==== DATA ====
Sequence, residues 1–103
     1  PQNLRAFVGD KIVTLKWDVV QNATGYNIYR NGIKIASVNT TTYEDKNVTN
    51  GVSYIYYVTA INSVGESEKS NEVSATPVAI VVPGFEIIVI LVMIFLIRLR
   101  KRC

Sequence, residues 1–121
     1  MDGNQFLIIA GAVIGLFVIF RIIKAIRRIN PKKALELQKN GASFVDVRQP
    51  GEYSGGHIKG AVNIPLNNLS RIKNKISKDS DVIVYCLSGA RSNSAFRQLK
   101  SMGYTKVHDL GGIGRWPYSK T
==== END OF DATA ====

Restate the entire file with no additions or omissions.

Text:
Sequence, residues 1–103
     1  PQNLRAFVGD KIVTLKWDVV QNATGYNIYR NGIKIASVNT TTYEDKNVTN
    51  GVSYIYYVTA INSVGESEKS NEVSATPVAI VVPGFEIIVI LVMIFLIRLR
   101  KRC

Sequence, residues 1–121
     1  MDGNQFLIIA GAVIGLFVIF RIIKAIRRIN PKKALELQKN GASFVDVRQP
    51  GEYSGGHIKG AVNIPLNNLS RIKNKISKDS DVIVYCLSGA RSNSAFRQLK
   101  SMGYTKVHDL GGIGRWPYSK T